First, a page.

Nowadays, you can see various watch brands create references that are stylish, sleek, and friendly to the environment. From rechargeable batteries to synthetic leather straps and reused metals, these environmentally-friendly innovations give their respective timepieces more meaning as brands made them with an invaluable cause in mind. It just goes to show that a difference can be made by anyone if they truly put their heart into it. That said, if you are currently looking for a way to help the planet while also getting something in return, we have provided you with a list of the 20 best chic and eco-friendly watches guaranteed to up your class while still contributing to Mother Earth.  Top 20 Eco-Friendly Watches Today, with so many brands getting into the green industry, there are many eco-friendly watches that can be found on the market. With so many different models to choose from, it would be futile to list down every green timepiece we come across. Instead, we will narrow it down to a list of just 20. Here is a gorgeous selection of some of the best eco-friendly watches out there. Bear in mind that the list is in no particular order and that the prices stated below are only approximate values. 1. Nordgreen Pioneer – $325 USD Image By: Nordgreen Nordgreen is a Scandinavian brand famous for manufacturing eco-friendly watches. For the first model on this list, we have their lovely award-winning piece — the Nordgreen Pioneer. Aside from its stunning and sleek aesthetics, the Nordgreen Pioneer also comes with a number of environmentally friendly components. Conceptualized by Danish designer Jakob Wagner, the timepiece utilizes a structure made from conflict-free and non-toxic minerals and materials. In addition, the packaging for this fascinating piece is made of FSC-certified cardboard, a kind of cardboard approved by the Forest Stewardship Council as being sustainably sourced. It doesn’t just stop there, either. After a Nordgreen Pioneer piece is purchased, some of its proceeds go to the support of three causes that wearers can choose between. These causes include: providing clean and drinkable water for those in Central Africa, funding the education of underprivileged children in India, or preserving 50 sqm of rainforests in Latin America. Coupled with its sophisticated and professional look, this is one of the best eco-friendly watches that you can bring to a fancy dinner or to your workplace. 2. Solios Solar – $270 USD Image By: Solios Watches Solios is a certified Canadian B Corporation that, as they say, does things differently. The company’s goal is to restore rainforests with every watch purchased. One of their bestsellers is the Solios Solar. Manufactured using sustainable and hypoallergenic materials such as recycled stainless steel and silicone, which is used to make its vegan strap, the Solios Solar combines a handful of perks with a green thumb. This watch uses a powerful solar battery that can last up to 50 years, and like all modern solar batteries, it can use any source of light as a means for charging. Other than being beautiful to look at, the Solios Solar is also resistant to dust, ink, heat, and has a water resistance rating of 30m. As a brand, Solios allocates some of its profits to the Make-A-Wish Foundation, the David Suzuki Foundation, and the Rainforest Trust. It is a company that dedicates itself to the environment in every way, and Solios Solar is a perfect encapsulation of that ideal. 3. Citizen Super Titanium Armor – $440 USD Image By: Citizen Watch Knight in shining armor? How about a Citizen in Super Titanium Armor? Indeed, as the name suggests, this is an astounding eco-friendly watch to behold. From the pioneers themselves, Citizen brings us one of the latest additions to their Super Titanium series. Like armor forged by seasoned blacksmiths, this watch looks sleek, well-made, and impenetrable. The Super Titanium Armor sports a sustainable and hypoallergenic titanium case and utilizes the brand’s patented Eco-Drive system. With this, the watch will not be needing a battery replacement anytime soon because it relies entirely on light to recharge it. On the whole, Citizen is a brand you can trust when it comes to environmental impact. Not only are they transparent about their processes, they even painstakingly list down all the greenhouse gases they emit for their buyers’ perusal. Many of their watches are also equipped with their Eco-Drive system, such that they are charged using solar power instead of disposable batteries. 4. TRIWA Humanium – $300 USD Image By: TRIWA Everywhere around the world, illegal firearms make their way through the borders of countries and harm the people that inhabit them. As authorities risk their lives confiscating these life-threatening weapons on a day-to-day basis, TRIWA makes sure that none of them goes to waste. The brand’s Humanium line consists of models made entirely out of recycled metals procured from illegal firearms. Furthermore, for every Humanium watch sold, TRIWA gives 15% of their profits to victims of armed violence. Striking and robust, just like the guns they came from, the TRIWA Humanium is an exceptional eco-friendly timepiece and a symbol of peace. 5. Tense Cambridge Chrono – $270 USD Image by Tense Watch The Tense Cambridge Chrono is an unusual and high-quality wooden timepiece that exudes natural beauty. While it does run on a lithium-based Miyota 0S90 movement, its exterior consists wholly of recycled or reclaimed wood. For its strap, Tense offers recycled wooden bracelets as well as vegan leather. As a member of the 1% For The Planet partnership, the brand also pledges to donate 1% of its profits to the National Forest Foundation, Conservation International, Surfrider Foundation, and other green organizations worldwide. 6. Omega Aqua Terra 150m GoodPlanet Seamaster – $10,000 USD If you are looking for a luxury diver’s watch that delivers a healthy and supportive impact on the environment, then Omega might have just the timepiece for you. In collaboration with the GoodPlanet Foundation, Omega designed and created the Aqua Terra 150m GoodPlanet Seamaster — a stunning wristwatch dedicated to the conservation of the environment. Aside from bearing Omega’s latest horological technologies, this Aqua Terra also boasts a hypoallergenic grade-5 titanium case. Furthermore, a portion of the Aqua Terra 150 GoodPlanet Seamaster’s sales goes towards GoodPlanet, allowing the organization to fund programs aimed at preserving aquatic life. 7. Vincero Vessel – $230 USD Image By: Vincero Collective Back in 2019, Vincero announced that they have gone 100% carbon-neutral. While all their watches support their new and eco-friendly business practices, the Vincero Vessel stands out as one of their bestsellers. With a stainless steel bronze-colored case, sapphire glass, and silicone strap, the Vincero timepiece is both reliable and good-looking. As the brand continues to produce and transport their beloved watches to the world, they make up for their carbon emissions by investing in carbon offsets. For those who are not so familiar with carbon offsets, they are essentially reductions of carbon emissions or other greenhouse gases, in order to compensate for other emissions. In a sense, it is like making up for a wrong deed with a good one. 8. TIVC 36mm Watch – $145 USD Image By: Time IV Change TIVC takes pride in making gorgeous eco-friendly watches that are ethical, cruelty-free, and vegan. Their 36mm watches make use of natural materials and recycled metals, all of which they ensure do not contain Substances of Very High Concern (SVHC). This means that any harmful chemicals such as mutagens, carcinogens, and other toxic substances are guaranteed to be absent from TIVC’s watchmaking process. Furthermore, the packaging for their watches is 95% compostable and recyclable, while 5% is usable. Lastly, TIVC makes sure to donate 10% of its annual profits to environmental organizations and animal welfare. Talk about a brand that really walks the talk when it comes to saving the environment. 9. Certina DS Action Diver – $870 USD Image By: Certina The Certina DS Action Diver is an adept diver’s watch made for a good cause. As mentioned previously, Certina is a watch brand affiliated with the Sea Turtle Conservancy organization, and the Certina DS Action Diver was created in honor of that partnership. For those who are not aware, the Sea Turtle Conservancy tracks turtles and learns their migration patterns while also working to rid the Caribbean oceans of plastic. Bearing an outstanding water resistance capacity of 300m and a Swiss automatic movement with an 80-hour power reserve, this fascinating watch is definitely something you want to bring with you wherever you swim. Who knows? You might even get the approval of some sea turtles as well.  10. Ksana Jet Black Watch – $105 USD Image By: Ksana Minimalistic to its core, the Ksana Jet Black boasts an understated aesthetic and eco-friendly components. Crafted entirely out of synthetic dyes and materials, the Ksana Jet Black is as friendly to animals as it can get. This Ksana watch comes in a stainless steel case and is equipped with a Japanese caliber and scratch-resistant glass. While this watch can last a long time, wearers can also return this timepiece at the end of its service for recycling or upcycling. Finally, 1% of the proceeds Ksana gets from selling watches goes to various environmental causes. 11. Casio G-Shock Frogman – $1,200 USD Image By: G-Shock As we all know, G-Shock watches are some of the sturdiest things on the planet—kind of like the Nokia 3310. Apart from being incredibly resilient, the G-Shock Frogman is also a highly sustainable watch. Each Frogman utilizes Casio’s Tough Solar technology, allowing the timepiece to charge itself using solar power. Combining unmatched durability and an innovative design, Casio created the G-Shock Frogman to last a lifetime, which also reduces wastage since you will not find yourself constantly having to replace damaged watches. 12. Seiko Prospex “Save The Ocean” – $800 USD The Seiko Prospex “Save The Ocean” line is a series of eco-friendly watches made in collaboration with Fabien Cousteau. For those not in the know, Fabien Cousteau is the grandson of world-famous French conservationist Jacques Cousteau. Together with the Fabien Cousteau Ocean Learning Centre, Seiko continues to help raise awareness about and create a positive impact on the world of aquatic life. The Seiko “Save The Ocean” series offers three kinds of Prospex watches: Turtle, Samurai, and Solar. Of course, Solar comes with the perk of being solar-powered, which is beneficial to the environment. In addition, each of the three models utilizes the non-toxic and eco-friendly LumiBrite technology for their hands and hour markers. 13. Oris Aquis Clean Ocean Limited Edition – $2,300 USD Amidst the vast population of Oris’ Aquis collection is the limited edition Clean Ocean watch. Made in partnership with Pacific Garbage Screening, Oris aims to support the organization in removing plastic waste from the ocean and converting it into energy. Aside from being robust, beguiling, and having an excellent water resistance capacity of 300m, the watch also bears something else that is incredibly unique. On its caseback is a vibrantly designed token made from recycled PET plastic. As a finishing touch, Oris delivers this timepiece in a box made from a combination of recycled plastic inlays and eco-friendly algae. 14. Breitling Superocean Heritage 57 Outerknown – $4,380 USD The Superocean collection has been a Breitling staple for as long as we can remember. As part of its efforts to help the super oceans of planet Earth, Breitling developed the Superocean Heritage 57 Outerknown. Produced in collaboration with Kelly Slater’s surfwear brand, the Superocean watch showcases a strap made from ECONYL yarn—a material recycled from nylon wastes (such as fishnets) procured from the ocean. Additionally, Breitling also donates some of its proceeds to charities and environmental conservation efforts.  15. Woodstone Craftmaster – $150 USD Image By: Woodstone For another timepiece crafted from sustainable wood, have a look at the Woodstone Craftmaster. Despite being made from recycled wood, the Craftmaster is sophisticated and has a sturdy and well-built structure throughout. This Woodstone watch comes in a 316L stainless steel case and is equipped with sapphire glass and a Swiss Ronda 515 quartz movement. As part of Woodstone’s environmental efforts, for every Craftmaster piece purchased, the brand plants a tree in their name. By partnering with Trees For The Future, the company also helps in providing sustainable jobs to farmers in Africa. 16. TRIWA SUB Ocean Plastic – $160 USD Image By: TRIWA Aside from their Humanium line, TRIWA also offers a selection of diver’s watches made comprehensively from recycled ocean plastic. On top of being very ocean-friendly, the SUB Ocean Plastic is also quite resilient. With a durable plastic case, a rotating bezel, a highly reliable movement, and 100m of water resistance, this TRIWA timepiece has everything an eco-friendly diver needs.  17. Ulysse Nardin Skeleton X Carbonium Gold – $19,250 USD Image By: Ulysse Nardin Made from carbon and gold, the Ulysse Nardin Skeleton X blends the best of Haute Horlogerie with ethical sourcing. When acquiring their gold, Ulysse Nardin makes sure to abide by the Kering Responsible Gold Framework (KRGF). This allows the brand to procure gold sustainably, which is quite an uncommon practice for many other luxury brands that also use gold in their timepieces. 18. Mondaine Essence – $355 USD Image By: Mondaine Mondaine is a watch brand that proudly carries the title of being the first Swiss manufacturer to develop eco-friendly watches. Created using raw materials such as castor oil, wood, and corks, their Essence lineup showcases a classic design with sustainable features. Each Essence model bears a water resistance capacity of 30m and comes with a unique strap. 19. Tom Ford 002 Ocean Plastic Watch – $995 USD Image By: Tom Ford Fond of the color black? Take a good look at the Tom Ford 002 Ocean Plastic Watch. This timepiece has a stark, dark design that makes use of ocean wastes throughout its structure. For instance, the case is made from a blend of stainless steel and ocean plastic. The crown comprises a mix of steel, black DLC coating, and ocean plastic inlay. Lastly, its sturdy strap is made of hand-braided ocean plastic. The brand also ships these eco-friendly watches in boxes created from recycled paper.  20. Blancpain Fifty Fathoms Ocean Commitment III – $17,100 USD For the most luxurious watch on this list, we have the Blancpain Fifty Fathoms Ocean Commitment III. Highly adept and with a clear purpose in mind, this Blancpain timepiece is expensive for a very good reason. For every model sold, Blancpain had pledged to donate 1,000 Euros, or $1,171 USD to ocean conservation. This is a limited-edition timepiece, so with 250 models manufactured, the brand is able to accumulate a total of 250,000 Euros, or $292,950 USD, for ocean conservation efforts. A History of Watchmakers Going Green During the 1970s, enthusiasts, collectors, and the general public were already getting used to the concept of quartz watches. Being more precise and less expensive, people would frequently opt to have a timepiece run by a quartz movement, rather than a mechanical counterpart. After a few years of its release, quartz watches began to dominate the market. One advantage of this new-fangled timepiece was that wearers no longer had to wind their wristwatches over and over again. Instead, with quartz watches, they simply had to replace the batteries every now and then. Of course, people viewed it as a pretty simple compromise for something so affordable.  However, this led landfills and dumpsites to overflow with used lithium batteries. From an environmental perspective, quartz models were certainly doing more harm than good, as they created more unnecessary waste than the old mechanical watches did. At some point, however, this problem turned into an opportunity for brands to produce more appealing and eco-friendly watches. In 1976, the Japanese watchmaking brand Citizen led the charge by introducing the world of horology to the Crystron Solar Cell. The Crystron Solar Cell was a wristwatch that powered and charged itself through the use of light. Unlike solar-powered models that rely on sunlight, the Crystron Solar Cell could charge itself using any form of brightness, even artificial sources. Since it came with a rechargeable power cell that did not have to be constantly replaced, the Citizen timepiece became an excellent start for an eco-friendly horological future. Citizen released the Crystron Solar Cell in 1976. However, this timepiece was unsuccessful, due to its lacklustre ability to generate an ample amount of energy. But during the 1980s, the industry managed to create thinner solar cells that could harness energy from any light source, not just natural light. In addition, these new solar cells had a power cell that could store even more energy. Thanks to these advancements, Citizen was able to make some innovations and improvements to their concept. In 1986, the brand ushered in a new model that could run for eight days on a single charge. The new model was an exceptional timepiece that could be easily integrated into everyday life. By 1995, Citizen had developed another model which featured a lithium-ion battery and a 6-month battery life on a full charge. The 1995 model was considered a landmark achievement for the brand and was a catalyst for Citizen’s world-renowned Eco-Drive system. As Citizen’s Eco-Drive watches were commercialized and gained fame across the watch community, other brands also started to experiment with some eco-friendly watches of their own. In the early 1990s, Seiko introduced the world to environmentally-friendly LumiBrite technology. Essentially, the LumiBrite is a kind of lume that contains no toxic components or radioactive substances. Once exposed to any source of light for a few minutes, Seiko’s LumiBrite can light up the watch for hours. Like all variations of watch luminescence, the brightness of LumiBrite lume may differ depending on two factors: how close the timepiece is to the light source and how bright the overall location is. Seiko has relied on the LumiBrite technology’s capabilities ever since and continues to utilise it in their models to this day. By 2021, many new eco-friendly watch brands have started to emerge. These companies produce environmentally-friendly timepieces and spread the awareness that it is possible to make a gorgeous watch without exploiting the environment. Nordgreen, Solios, TIVC, TRIWA, Ksana, and Tense are but a few of this caring and innovative green watch brands. While not all watchmakers have chosen this path, some prolific companies like Omega and Certina have also supported and come up with eco-friendly watches for the cause. In addition, Timex has recently teased a new lineup of watches which they proclaim to be their most sustainable and earth-friendly selection to date. As the industry continues to grow, the hope is that more watchmakers will join the rest of the world in saving and maintaining the evergreen beauty of our beloved planet Earth. What Makes a Watch “Eco-Friendly?” Like with every other environmentally-friendly product, there are a few key factors that contribute to making eco-friendly watches.  Materials and Resources Anyone who is interested in saving the environment should do their research on what materials go into whatever product they are buying. Eco-sensitive wearers would find conventional materials like leather and non-biodegradable plastic a big no-no. For brands seeking to create watches that do not harm the environment, they can rely on alternative, environmentally-friendly materials that are just as good in quality. These materials include recycled metals and wood, synthetic leather, rechargeable solar batteries, silicone, and so on. Business Practices If brands have the drive to take their support to the next level, their dedication should also be reflected in their business practices. Even if companies were using environmentally-friendly materials for their watches, it would not make a big difference as long as these brands continued to process, create, or deliver their eco-friendly watches through harmful means. A classic example of ethical and sustainable business practice is developing packaging made out of recycled materials. Having this kind of procedure eliminates wastes and the use of earth-damaging materials like styrofoam and plastic. Green Innovations Sometimes, eco-friendly watches can do more than just reduce, reuse, and recycle. For instance, brands like Citizen and Casio have developed models that utilize solar cells. Solar cells have the unique ability to generate power out of sunlight. Because these eco-friendly watches only need light to charge themselves, there is no need to ever have the battery replaced. As a result, it lessens the amount of lithium-based battery wastes in landfills and raises awareness of solar power and its benefits. Planet-Saving Causes One last but crucial consideration: are the profits from these watches going to a good cause? Certina acts as an ideal example of this factor. In 2021, Certina created a limited edition diver watch to commemorate its partnership with the Sea Turtle Conservancy organization (STC). Aside from the new Certina model bearing the STC’s sea turtle logo, a portion of the proceeds will also be dedicated to the important cause of conserving sea turtles. Indeed, Certina’s love of turtles dates back to the genesis of their tried and tested DS concept. To showcase Certina DS’s reliability, Certina used a green turtle as the logo for the DS design to symbolize longevity, which makes their association with the STC even more poignant. Final Thoughts Investing in a watch is something watch fanatics, enthusiasts, and collectors do all the time. So, why not invest in a timepiece that can help save the planet? Good-looking, diverse, durable, and reliable, these eco-friendly watches we have listed above are worth every single hard-earned penny. By purchasing one of these watches, you are not just upscaling your style and making a fashion statement. No, you are doing far more than that. By purchasing one of these eco-friendly watches, you are also making a difference that could affect the lives of every single being on this planet.  Need a stunning piece for formal occasions? Have a look at what many would consider one of the greatest Patek Philippe watches ever made, the Patek Philippe 5970 Featured Image By: Solios Watches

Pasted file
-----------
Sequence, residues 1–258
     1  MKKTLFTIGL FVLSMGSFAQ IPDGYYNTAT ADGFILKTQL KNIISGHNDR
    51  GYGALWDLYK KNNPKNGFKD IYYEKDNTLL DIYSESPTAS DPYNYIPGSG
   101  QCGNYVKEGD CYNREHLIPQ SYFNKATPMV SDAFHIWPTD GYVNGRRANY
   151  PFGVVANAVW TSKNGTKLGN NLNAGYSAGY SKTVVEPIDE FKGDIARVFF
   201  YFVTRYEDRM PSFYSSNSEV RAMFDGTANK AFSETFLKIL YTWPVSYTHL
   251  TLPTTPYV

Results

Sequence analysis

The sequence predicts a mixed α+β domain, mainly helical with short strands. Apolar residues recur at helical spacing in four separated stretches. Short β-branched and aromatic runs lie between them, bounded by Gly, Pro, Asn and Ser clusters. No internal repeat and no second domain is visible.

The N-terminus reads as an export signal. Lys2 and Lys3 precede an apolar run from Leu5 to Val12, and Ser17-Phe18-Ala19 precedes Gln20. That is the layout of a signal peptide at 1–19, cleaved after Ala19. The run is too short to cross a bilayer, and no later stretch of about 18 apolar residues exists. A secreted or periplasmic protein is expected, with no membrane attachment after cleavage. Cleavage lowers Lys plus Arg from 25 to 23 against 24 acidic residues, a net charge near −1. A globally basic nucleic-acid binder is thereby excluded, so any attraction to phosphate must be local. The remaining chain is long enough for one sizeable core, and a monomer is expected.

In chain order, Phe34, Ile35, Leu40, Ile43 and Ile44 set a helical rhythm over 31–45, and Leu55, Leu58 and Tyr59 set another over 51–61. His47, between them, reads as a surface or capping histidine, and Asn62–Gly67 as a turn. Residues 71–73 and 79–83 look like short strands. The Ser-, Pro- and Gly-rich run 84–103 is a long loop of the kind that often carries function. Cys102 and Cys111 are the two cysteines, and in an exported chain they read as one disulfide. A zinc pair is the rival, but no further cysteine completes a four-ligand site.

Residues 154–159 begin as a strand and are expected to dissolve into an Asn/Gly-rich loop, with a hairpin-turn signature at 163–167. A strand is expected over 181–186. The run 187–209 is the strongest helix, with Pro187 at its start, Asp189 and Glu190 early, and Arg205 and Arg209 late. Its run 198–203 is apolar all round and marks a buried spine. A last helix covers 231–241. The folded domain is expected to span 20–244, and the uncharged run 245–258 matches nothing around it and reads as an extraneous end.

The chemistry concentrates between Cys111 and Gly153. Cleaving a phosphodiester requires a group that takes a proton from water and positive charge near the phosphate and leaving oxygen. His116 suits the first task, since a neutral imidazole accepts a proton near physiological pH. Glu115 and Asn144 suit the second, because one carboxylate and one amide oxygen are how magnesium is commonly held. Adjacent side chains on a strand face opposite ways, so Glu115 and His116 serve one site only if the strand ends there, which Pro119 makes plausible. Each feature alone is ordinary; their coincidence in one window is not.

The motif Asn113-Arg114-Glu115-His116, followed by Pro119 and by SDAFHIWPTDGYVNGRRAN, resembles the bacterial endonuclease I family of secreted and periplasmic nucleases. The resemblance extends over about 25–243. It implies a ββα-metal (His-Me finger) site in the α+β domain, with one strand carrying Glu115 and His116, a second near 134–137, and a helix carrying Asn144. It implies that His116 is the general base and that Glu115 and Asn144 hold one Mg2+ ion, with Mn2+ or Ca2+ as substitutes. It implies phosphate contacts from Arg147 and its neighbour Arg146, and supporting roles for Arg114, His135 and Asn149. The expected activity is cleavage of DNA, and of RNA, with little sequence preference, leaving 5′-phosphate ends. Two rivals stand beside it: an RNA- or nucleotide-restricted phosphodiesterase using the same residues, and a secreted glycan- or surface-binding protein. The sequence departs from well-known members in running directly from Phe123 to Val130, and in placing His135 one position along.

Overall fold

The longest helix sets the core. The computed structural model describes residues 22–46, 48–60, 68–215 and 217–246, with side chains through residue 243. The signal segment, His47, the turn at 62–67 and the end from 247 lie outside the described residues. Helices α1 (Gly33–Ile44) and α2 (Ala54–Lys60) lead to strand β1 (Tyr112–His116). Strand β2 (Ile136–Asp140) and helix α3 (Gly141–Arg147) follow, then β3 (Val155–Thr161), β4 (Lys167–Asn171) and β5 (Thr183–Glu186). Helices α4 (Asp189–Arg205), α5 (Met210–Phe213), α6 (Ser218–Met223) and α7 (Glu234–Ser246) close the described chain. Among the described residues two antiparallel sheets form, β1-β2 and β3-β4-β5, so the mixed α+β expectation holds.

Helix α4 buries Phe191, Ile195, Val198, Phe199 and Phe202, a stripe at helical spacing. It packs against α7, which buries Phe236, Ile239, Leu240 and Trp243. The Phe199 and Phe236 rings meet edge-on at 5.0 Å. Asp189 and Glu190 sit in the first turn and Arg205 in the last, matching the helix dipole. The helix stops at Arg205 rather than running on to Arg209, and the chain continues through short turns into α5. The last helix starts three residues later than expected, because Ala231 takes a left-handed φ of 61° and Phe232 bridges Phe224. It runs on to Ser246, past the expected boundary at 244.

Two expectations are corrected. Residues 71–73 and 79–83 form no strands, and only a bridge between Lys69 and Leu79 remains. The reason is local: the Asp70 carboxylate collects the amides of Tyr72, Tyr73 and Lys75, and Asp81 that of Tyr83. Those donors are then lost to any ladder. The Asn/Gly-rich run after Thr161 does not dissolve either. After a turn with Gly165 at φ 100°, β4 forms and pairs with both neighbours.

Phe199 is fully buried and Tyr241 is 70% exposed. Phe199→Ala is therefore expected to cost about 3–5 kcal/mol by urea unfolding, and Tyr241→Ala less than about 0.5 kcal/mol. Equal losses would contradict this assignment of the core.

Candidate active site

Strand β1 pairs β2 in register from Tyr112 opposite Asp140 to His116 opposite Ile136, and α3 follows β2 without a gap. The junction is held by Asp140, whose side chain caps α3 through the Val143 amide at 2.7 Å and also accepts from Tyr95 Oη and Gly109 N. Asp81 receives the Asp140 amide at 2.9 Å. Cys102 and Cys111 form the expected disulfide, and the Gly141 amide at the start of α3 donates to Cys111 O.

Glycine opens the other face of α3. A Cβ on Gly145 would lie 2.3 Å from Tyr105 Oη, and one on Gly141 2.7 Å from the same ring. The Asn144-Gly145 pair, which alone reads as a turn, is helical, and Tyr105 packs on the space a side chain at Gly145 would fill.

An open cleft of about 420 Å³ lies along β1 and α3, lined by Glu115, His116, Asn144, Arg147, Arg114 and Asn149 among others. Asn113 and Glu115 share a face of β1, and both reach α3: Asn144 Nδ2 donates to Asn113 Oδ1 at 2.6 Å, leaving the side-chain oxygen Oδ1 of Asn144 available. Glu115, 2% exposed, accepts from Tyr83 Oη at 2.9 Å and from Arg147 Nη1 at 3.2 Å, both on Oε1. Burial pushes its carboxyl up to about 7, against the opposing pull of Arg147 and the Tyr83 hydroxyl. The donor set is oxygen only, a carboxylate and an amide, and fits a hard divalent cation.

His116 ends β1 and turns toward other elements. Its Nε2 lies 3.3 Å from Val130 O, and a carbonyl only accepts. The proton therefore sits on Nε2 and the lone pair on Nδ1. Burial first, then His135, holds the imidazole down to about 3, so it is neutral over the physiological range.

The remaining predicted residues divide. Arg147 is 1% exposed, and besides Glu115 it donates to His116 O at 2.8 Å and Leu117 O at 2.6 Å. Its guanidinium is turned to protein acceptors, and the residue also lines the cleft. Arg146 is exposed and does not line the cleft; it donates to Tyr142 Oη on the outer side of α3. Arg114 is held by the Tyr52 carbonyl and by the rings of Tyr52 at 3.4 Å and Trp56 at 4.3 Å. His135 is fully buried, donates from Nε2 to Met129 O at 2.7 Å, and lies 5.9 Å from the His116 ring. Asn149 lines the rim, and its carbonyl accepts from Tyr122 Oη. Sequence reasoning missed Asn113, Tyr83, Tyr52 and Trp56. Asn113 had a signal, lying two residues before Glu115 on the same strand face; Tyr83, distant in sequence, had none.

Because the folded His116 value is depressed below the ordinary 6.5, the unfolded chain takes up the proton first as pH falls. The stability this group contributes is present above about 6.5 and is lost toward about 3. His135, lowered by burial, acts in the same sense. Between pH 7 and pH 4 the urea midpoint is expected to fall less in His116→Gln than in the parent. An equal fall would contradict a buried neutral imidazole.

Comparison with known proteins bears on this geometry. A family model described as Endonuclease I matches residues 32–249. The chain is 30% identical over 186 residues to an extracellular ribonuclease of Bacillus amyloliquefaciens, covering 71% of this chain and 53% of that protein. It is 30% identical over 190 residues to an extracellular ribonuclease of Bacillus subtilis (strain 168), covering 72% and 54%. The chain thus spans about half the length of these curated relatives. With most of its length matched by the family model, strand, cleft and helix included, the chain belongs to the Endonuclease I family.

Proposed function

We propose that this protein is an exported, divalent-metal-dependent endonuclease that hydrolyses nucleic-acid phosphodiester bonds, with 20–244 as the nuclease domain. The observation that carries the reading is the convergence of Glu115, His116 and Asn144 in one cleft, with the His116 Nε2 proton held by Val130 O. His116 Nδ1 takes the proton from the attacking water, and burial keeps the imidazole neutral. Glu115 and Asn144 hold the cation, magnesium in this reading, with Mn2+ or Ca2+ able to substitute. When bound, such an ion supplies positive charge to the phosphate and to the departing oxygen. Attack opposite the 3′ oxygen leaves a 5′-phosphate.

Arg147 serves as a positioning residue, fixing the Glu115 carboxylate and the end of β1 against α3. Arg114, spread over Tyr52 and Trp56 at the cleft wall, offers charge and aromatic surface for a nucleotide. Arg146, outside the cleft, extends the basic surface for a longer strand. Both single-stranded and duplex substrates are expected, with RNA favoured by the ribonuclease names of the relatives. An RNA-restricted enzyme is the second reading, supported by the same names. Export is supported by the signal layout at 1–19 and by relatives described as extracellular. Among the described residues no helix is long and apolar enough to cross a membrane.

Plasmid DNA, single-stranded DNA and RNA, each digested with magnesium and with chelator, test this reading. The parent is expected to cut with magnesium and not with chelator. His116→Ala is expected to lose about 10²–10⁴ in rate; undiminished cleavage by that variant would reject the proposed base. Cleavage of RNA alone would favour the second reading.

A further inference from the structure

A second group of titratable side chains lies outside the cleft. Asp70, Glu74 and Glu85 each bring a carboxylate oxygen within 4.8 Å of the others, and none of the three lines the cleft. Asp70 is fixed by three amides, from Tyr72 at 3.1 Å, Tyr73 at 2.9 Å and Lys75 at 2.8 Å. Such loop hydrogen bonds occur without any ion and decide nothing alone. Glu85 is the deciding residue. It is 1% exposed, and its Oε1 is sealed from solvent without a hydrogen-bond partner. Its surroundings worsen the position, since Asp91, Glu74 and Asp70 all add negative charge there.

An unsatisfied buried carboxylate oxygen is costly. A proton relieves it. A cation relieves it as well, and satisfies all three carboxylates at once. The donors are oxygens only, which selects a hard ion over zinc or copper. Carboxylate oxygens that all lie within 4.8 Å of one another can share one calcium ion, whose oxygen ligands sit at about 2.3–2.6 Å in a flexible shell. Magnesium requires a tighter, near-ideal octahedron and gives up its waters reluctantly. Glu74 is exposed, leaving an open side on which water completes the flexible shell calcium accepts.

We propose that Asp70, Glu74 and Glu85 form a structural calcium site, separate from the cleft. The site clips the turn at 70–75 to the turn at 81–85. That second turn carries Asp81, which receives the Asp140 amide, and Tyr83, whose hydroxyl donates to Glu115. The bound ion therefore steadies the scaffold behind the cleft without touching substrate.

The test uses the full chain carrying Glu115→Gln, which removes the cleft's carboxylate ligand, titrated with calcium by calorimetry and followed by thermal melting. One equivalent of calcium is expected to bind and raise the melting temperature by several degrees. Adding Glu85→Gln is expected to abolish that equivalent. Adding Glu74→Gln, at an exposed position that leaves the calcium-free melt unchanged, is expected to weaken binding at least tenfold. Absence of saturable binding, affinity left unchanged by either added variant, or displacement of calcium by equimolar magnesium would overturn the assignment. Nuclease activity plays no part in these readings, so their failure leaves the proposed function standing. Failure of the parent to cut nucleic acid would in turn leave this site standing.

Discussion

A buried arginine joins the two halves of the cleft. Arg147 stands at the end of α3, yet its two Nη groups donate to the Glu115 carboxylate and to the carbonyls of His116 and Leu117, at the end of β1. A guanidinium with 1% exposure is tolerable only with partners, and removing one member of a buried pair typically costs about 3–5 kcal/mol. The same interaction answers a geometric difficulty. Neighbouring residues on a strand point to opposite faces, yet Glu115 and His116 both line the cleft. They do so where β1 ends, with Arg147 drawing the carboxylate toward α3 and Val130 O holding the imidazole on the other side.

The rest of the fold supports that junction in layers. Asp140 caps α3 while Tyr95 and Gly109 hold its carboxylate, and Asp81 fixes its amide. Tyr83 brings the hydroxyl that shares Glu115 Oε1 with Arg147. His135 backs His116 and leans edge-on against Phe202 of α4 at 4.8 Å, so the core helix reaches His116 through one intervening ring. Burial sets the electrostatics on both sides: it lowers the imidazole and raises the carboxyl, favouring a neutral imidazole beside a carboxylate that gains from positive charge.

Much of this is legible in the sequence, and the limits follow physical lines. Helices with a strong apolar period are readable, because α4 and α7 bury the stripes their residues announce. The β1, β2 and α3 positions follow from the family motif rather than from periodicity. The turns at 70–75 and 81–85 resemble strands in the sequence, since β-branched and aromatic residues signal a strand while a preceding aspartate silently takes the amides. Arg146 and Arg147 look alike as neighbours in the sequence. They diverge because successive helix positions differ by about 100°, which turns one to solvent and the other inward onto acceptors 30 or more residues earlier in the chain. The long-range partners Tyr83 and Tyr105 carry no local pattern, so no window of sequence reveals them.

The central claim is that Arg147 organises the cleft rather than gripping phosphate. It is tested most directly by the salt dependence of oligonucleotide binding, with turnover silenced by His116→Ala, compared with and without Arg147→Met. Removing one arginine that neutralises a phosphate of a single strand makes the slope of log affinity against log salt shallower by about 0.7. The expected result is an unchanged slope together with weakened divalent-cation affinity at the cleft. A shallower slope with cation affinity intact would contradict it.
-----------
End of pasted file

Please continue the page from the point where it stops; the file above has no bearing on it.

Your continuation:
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  7. Seiko SARB017: The Iconic Alpinist Watch